In a hard-to-call night, the contestants' renditions of Elvis songs hit different notes

By Michael Slezak
July 03, 2006 at 04:00 AM EDT
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”American Idol”: The final four take on the King

Holy cow. Here’s where it starts to get interesting. For the first time in five seasons of American Idol, I wouldn’t be shocked if any one of the final four contestants got eliminated, or conversely, went on to win (and subsequently record a drippy, Clive Davis-produced ballad called ”A Moment Inside Your Wings,” or some such nonsense.) Indeed, the question of who’ll be permanently exiting the Idol building on Wednesday night’s results show is about as unpredictable as the moods of Paula Abdul — which alternately thrills, terrifies, frustrates, and tickles me.

The only thing I’m certain of after a particularly solid Elvis night, in fact, is that I’ll be sleeping fitfully tonight, tossing and turning and mulling over which of the following scenarios will lead to the untimely elimination of one of the talented (and closely matched) Idol wannabes we heard tonight.

1. If voters focus solely on tonight’s vocal performances… Katharine McPhee should pack her bags. To be fair to the last female standing in the competition, I thought her ”Hound Dog/All Shook Up” mash-up was actually quite inspired, a playful, pleasant, and (mostly) on-key departure from her standard-issue balladeering. That said, if Katharine really envisions herself as the second coming of Kelly Clarkson (hey now, try to suppress the groaning, haters), aren’t we a bit far into the competition for her to be botching her lyrics?

As for Kat’s rendition of ”Can’t Help Falling in Love,” the opening 20 seconds or so sounded like the musical equivalent of a home run, until the performance suddenly veered left — and right into foul territory. (Okay, maybe that was a bad analogy, but I watch too much Idol to follow baseball, so cut me a break.) Even Katharine’s biggest boosters can’t pretend they didn’t hear the screeching ending, or the way the fashion-challenged beauty abruptly terminated her last note, then stood waiting for the judges’ critiques while the band wrapped up the song.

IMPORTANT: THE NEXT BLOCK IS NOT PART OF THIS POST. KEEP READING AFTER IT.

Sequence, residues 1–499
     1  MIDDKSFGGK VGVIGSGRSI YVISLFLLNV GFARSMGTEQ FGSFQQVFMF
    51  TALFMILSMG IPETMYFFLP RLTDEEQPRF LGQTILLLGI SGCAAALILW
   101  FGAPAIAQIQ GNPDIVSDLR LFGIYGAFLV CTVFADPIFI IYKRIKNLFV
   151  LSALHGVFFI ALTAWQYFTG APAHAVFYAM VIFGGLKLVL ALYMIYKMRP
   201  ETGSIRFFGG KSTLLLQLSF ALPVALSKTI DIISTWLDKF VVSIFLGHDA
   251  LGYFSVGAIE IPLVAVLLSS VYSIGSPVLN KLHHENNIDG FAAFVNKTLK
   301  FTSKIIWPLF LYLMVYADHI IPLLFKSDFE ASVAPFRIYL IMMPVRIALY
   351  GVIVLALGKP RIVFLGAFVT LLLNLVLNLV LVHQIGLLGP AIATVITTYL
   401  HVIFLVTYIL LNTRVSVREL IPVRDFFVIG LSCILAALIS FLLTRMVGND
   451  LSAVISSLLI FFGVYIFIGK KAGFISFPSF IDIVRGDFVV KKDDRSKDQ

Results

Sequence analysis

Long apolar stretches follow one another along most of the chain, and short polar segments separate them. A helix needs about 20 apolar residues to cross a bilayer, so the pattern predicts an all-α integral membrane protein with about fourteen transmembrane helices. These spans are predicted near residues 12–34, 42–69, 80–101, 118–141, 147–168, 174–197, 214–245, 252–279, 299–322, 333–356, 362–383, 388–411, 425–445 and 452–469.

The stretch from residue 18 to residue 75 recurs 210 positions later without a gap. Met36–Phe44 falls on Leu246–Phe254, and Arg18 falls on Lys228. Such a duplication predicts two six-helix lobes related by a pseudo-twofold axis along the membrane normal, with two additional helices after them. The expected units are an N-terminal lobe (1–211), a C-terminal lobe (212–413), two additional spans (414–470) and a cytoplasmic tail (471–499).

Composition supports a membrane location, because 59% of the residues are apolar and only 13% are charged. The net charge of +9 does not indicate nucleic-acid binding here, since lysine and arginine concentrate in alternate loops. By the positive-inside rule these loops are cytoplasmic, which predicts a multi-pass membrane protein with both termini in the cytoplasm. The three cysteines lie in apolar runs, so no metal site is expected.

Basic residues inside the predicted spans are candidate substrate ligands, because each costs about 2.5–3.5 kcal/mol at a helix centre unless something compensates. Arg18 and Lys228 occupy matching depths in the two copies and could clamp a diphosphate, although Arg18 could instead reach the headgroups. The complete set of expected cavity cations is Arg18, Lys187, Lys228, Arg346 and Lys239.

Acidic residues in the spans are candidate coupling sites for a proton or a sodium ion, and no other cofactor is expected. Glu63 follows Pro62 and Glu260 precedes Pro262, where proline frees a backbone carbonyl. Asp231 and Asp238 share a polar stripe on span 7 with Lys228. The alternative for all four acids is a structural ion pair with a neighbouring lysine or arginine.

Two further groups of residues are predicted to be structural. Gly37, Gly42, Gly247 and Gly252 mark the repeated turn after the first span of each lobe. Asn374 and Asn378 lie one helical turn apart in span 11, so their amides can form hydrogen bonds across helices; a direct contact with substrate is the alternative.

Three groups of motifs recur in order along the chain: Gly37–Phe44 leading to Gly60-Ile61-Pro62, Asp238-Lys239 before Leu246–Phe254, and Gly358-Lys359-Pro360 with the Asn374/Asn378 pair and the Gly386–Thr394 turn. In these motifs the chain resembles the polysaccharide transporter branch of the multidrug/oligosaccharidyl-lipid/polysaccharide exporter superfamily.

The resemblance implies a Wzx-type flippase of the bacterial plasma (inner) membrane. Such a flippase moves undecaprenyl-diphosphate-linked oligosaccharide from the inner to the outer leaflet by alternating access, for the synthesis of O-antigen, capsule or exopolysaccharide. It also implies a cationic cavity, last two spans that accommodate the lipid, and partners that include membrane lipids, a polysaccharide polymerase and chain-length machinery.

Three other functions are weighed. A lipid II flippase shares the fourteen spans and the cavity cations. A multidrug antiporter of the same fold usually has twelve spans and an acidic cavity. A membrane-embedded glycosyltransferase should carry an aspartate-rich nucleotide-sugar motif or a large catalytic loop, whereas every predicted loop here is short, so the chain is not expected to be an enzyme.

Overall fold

Not exactly an Idol-making moment, but then again, what if the dudes split the vote? What if Kat’s built up enough good will with ”Black Horse and the Cherry Tree” and ”Someone to Watch Over Me” to overcome a one-song stumble? What if she wins sympathy votes from viewers who hate having to watch her endure Ryan Seacrest’s icky attempts at flirting?

2. In that event, if you’ve studied Idol history… Chris Daughtry fans might be in for a shock this week. True, many folks have been calling the bald-headed hottie a shoo-in for the final two since sometime around Valentine’s Day, but think of the way the voting’s gone down in previous seasons: Jasmine Trias outlasting La Toya London in Season 3, or Nikki McKibbin garnering more votes than Tamyra Gray in the show’s first edition.

Perhaps Chris chose the wrong week to play it soft and sentimental. (Note: The last time he took a non-howling approach, on ”What a Wonderful World,” he landed in the bottom two.) And let’s be frank: What was the guy thinking pulling a David Caruso — removing his unnecessary shades mid-line-reading — midway through his otherwise heartfelt rendition of ”Suspicious Minds”?

On the other hand, Chris’ ”A Little Less Conversation” was loooow-key, but it worked for cryin’ out loud. I mean, not every recipe calls for all the ingredients to be thrown directly into the fire, and accordingly, Chris let his number simmer slowly and sensually, building to an appropriately spicy finale. That clingy white shirt, all that talk about action and satisfaction, and the well-timed use of his secret weapon — Chris’ admission that he wears boxer briefs (!) — may not have worked on Simon, but I bet there’ll be a sudden spike in Daughtry wallpaper downloads in the next 24 hours. I mean, the dude’s shtick certainly seemed to register on Paula’s lust-o-meter.